Of course, back in the day (he said nostalgically) we would all watch Entertainment USA - hosted of course by a Mr. J. Kkng, formerly of this parish - just to see what hot new trends were occuring Stateside (daddy-o). It was swings and roundabouts,  of course - for every ZZ Top, you'd get a Hall & Oates.

My daughter, as I've said before, likes things many of her peers have never heard of. She's also commandeered her mother's premium Spotify account, and has been on a massive 80s music kick, and before that was into fifties stuff, Patsy Cline, Doris Day, etc...

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Re: People with massive cultural voids
« Reply #219 on: February 11, 2019, 04:33:04 PM »
Can I just say I do think it’s true and I reckon you must’ve been quite posh.

I wasn't posh and the same applies with me. I especially remember being dumped in front of the tv so my Mum could do housework and watching Harold Lloyd a lot, and many a Norman Wisdom film. We had a tiny black and white portable in the spare room as well so I saw many other things (Jaws and V being the ones I remember the most) in black and white and it didn't bother me in the slightest.

Re: People with massive cultural voids
« Reply #220 on: February 11, 2019, 04:44:24 PM »
It was mostly anywhere between 1:30 and 3...AM!

I wonder what they were doing that was keeping them up?

I liked the idea that without any 'culture' to consume this person could regularly realise around 7:30pm that the evening had nothing in store for them and they might as well turn in.

SteveDave

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Re: People with massive cultural voids
« Reply #221 on: February 11, 2019, 04:56:00 PM »
I wonder what they were doing that was keeping them up?

I liked the idea that without any 'culture' to consume this person could regularly realise around 7:30pm that the evening had nothing in store for them and they might as well turn in.

He was a prick so he was probably chatting to hot babes online. He also chugged Red Bull all day.

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Re: People with massive cultural voids
« Reply #222 on: February 11, 2019, 05:06:13 PM »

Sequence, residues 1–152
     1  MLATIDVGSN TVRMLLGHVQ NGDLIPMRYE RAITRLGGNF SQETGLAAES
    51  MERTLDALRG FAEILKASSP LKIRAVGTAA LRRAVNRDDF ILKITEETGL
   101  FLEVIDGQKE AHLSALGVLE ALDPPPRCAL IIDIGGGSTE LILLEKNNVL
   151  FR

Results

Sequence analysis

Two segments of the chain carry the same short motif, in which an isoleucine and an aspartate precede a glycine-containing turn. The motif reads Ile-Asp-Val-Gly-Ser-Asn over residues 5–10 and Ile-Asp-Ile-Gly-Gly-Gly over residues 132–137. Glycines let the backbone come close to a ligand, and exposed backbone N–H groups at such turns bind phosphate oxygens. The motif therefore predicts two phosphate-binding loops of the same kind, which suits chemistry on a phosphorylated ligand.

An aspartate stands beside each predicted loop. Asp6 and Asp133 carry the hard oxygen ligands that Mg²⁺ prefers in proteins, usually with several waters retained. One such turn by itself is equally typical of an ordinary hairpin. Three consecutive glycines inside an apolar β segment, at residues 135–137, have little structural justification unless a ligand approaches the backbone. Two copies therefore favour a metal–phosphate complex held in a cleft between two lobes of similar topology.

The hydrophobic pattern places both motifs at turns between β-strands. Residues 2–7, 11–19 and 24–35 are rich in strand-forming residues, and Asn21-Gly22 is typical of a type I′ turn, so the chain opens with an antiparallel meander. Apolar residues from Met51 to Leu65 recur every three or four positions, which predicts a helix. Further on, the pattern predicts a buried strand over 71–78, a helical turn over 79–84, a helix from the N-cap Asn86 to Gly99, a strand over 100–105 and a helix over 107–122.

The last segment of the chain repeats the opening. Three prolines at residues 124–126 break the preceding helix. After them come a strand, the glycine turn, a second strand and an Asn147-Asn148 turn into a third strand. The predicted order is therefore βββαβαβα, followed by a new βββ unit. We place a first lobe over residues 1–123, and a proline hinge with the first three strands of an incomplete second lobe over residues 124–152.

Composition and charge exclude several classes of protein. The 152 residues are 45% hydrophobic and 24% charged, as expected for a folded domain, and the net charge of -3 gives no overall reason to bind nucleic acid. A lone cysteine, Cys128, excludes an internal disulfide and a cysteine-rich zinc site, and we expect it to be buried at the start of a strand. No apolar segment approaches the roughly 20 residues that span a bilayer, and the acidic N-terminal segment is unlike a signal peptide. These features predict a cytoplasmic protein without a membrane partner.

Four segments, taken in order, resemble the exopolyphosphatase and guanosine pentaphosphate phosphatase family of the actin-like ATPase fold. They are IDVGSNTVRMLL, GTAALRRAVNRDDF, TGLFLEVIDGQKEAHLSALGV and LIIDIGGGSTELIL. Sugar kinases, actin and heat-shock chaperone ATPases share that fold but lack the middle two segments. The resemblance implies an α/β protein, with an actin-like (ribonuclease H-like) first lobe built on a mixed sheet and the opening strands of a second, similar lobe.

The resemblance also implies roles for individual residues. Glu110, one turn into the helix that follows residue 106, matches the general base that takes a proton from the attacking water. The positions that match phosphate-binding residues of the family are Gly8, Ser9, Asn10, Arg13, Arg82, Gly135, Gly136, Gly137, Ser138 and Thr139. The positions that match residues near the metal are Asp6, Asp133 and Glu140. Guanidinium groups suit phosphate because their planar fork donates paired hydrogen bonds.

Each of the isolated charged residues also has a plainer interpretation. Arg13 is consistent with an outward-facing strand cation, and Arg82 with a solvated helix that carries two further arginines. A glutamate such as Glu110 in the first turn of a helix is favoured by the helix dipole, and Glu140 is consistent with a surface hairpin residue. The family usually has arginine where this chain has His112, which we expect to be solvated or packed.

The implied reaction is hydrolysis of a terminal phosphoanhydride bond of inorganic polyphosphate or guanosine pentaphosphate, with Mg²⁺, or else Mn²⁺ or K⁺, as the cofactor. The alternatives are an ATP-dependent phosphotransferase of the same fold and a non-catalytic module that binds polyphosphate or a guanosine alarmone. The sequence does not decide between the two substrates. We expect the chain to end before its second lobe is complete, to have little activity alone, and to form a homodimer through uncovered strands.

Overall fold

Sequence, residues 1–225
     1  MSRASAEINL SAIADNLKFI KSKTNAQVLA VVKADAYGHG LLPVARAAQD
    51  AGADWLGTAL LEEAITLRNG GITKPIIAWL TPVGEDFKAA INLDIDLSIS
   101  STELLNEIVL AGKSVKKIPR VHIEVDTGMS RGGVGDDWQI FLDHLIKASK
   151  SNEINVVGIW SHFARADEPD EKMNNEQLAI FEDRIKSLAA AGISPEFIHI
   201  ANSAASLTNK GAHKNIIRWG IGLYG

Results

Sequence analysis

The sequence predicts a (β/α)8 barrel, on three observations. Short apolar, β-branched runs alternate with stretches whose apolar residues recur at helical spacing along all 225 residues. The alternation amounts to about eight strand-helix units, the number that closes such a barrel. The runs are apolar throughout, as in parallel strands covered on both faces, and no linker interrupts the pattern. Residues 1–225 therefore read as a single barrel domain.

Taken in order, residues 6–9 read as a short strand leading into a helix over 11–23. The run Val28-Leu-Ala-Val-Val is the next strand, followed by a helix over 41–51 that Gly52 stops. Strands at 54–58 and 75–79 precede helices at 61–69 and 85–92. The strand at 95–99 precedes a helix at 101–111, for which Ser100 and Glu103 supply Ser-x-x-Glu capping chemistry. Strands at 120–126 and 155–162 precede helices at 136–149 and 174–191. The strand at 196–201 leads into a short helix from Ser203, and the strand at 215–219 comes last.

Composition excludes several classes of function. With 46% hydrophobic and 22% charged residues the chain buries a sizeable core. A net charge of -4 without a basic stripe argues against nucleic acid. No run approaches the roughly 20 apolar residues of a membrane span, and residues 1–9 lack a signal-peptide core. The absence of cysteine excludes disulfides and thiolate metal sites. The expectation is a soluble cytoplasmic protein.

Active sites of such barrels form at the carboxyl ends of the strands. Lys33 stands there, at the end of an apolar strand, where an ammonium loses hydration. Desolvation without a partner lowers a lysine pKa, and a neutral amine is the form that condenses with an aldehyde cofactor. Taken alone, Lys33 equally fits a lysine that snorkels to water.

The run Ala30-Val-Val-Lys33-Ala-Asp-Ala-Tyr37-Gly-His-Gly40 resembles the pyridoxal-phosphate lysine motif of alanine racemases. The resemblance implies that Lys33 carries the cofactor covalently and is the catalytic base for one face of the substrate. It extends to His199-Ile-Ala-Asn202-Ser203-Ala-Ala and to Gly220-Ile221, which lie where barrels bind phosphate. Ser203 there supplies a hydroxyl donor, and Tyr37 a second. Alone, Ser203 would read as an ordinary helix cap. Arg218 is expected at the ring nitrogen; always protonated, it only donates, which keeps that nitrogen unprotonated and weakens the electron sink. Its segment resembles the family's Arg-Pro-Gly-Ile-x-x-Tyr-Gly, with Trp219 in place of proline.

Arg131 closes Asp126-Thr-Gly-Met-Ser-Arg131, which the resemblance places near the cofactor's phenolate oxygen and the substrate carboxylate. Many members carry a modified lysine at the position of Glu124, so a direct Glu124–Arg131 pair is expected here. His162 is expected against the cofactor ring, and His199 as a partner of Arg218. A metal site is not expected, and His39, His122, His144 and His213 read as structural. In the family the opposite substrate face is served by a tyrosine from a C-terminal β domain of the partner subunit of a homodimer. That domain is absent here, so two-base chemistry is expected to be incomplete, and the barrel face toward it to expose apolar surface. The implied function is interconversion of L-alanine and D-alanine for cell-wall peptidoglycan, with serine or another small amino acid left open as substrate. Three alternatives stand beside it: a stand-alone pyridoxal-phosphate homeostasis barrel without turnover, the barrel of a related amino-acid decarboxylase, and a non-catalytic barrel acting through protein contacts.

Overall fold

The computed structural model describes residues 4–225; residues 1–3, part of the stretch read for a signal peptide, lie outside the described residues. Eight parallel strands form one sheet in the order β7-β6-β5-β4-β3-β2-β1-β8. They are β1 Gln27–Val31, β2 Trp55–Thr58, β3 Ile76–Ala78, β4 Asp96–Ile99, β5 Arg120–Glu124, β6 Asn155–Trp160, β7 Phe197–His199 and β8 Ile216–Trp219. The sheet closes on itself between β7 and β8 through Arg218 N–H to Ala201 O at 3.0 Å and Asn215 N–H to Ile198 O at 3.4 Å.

I would just like to say I remember BBC2 showing Laurel & Hardy as late as the mid 00's. Black and White too, not those awful poorly coloured versions.

Re: People with massive cultural voids
« Reply #223 on: February 11, 2019, 07:38:50 PM »
I wasn't posh and the same applies with me. I especially remember being dumped in front of the tv so my Mum could do housework and watching Harold Lloyd a lot, and many a Norman Wisdom film. We had a tiny black and white portable in the spare room as well so I saw many other things (Jaws and V being the ones I remember the most) in black and white and it didn't bother me in the slightest.

Fair enough but I don’t think it was true of the average ten year old in the mid eighties. The only black and white films I’d watch were ones with monsters and dinosaurs in, but even that was seen as a bit cerebral amongst my peers. And I grew up in a fairly middle class area. Which was nice.

Re: People with massive cultural voids
« Reply #224 on: February 11, 2019, 07:43:07 PM »
I would just like to say I remember BBC2 showing Laurel & Hardy as late as the mid 00's. Black and White too, not those awful poorly coloured versions.

My memory of 90's weekend television involved a western being shown on one channel at any given moment. Some were b&w and the ones that weren't just mostly looked like a mess of brown.

Re: People with massive cultural voids
« Reply #225 on: February 11, 2019, 07:53:18 PM »
I wasn't posh and the same applies with me. I especially remember being dumped in front of the tv so my Mum could do housework and watching Harold Lloyd a lot, and many a Norman Wisdom film. We had a tiny black and white portable in the spare room as well so I saw many other things (Jaws and V being the ones I remember the most) in black and white and it didn't bother me in the slightest.

I remember these were mostly on during the school holidays and at weekends, Champion the Wonder Horse, Flash Gordon, the rocket man guy one and other b&w serials along with classic films. Mark Curry (ginge, specs) used to have a slot on BBC2 (?) for early cinema stuff. We're talking mid 80s here.

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Re: People with massive cultural voids
« Reply #226 on: February 11, 2019, 08:10:22 PM »
Cue my anecdote about a young lady from work telling me she was into Cream. Bloody hell, liking Eric Clapton at that age etc. Turned out that (wait for it) it wasn't actually that Cream!!!!!!

I had a similar disappointment with a woman who told me she was into Anal Cunt.

mothman

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Re: People with massive cultural voids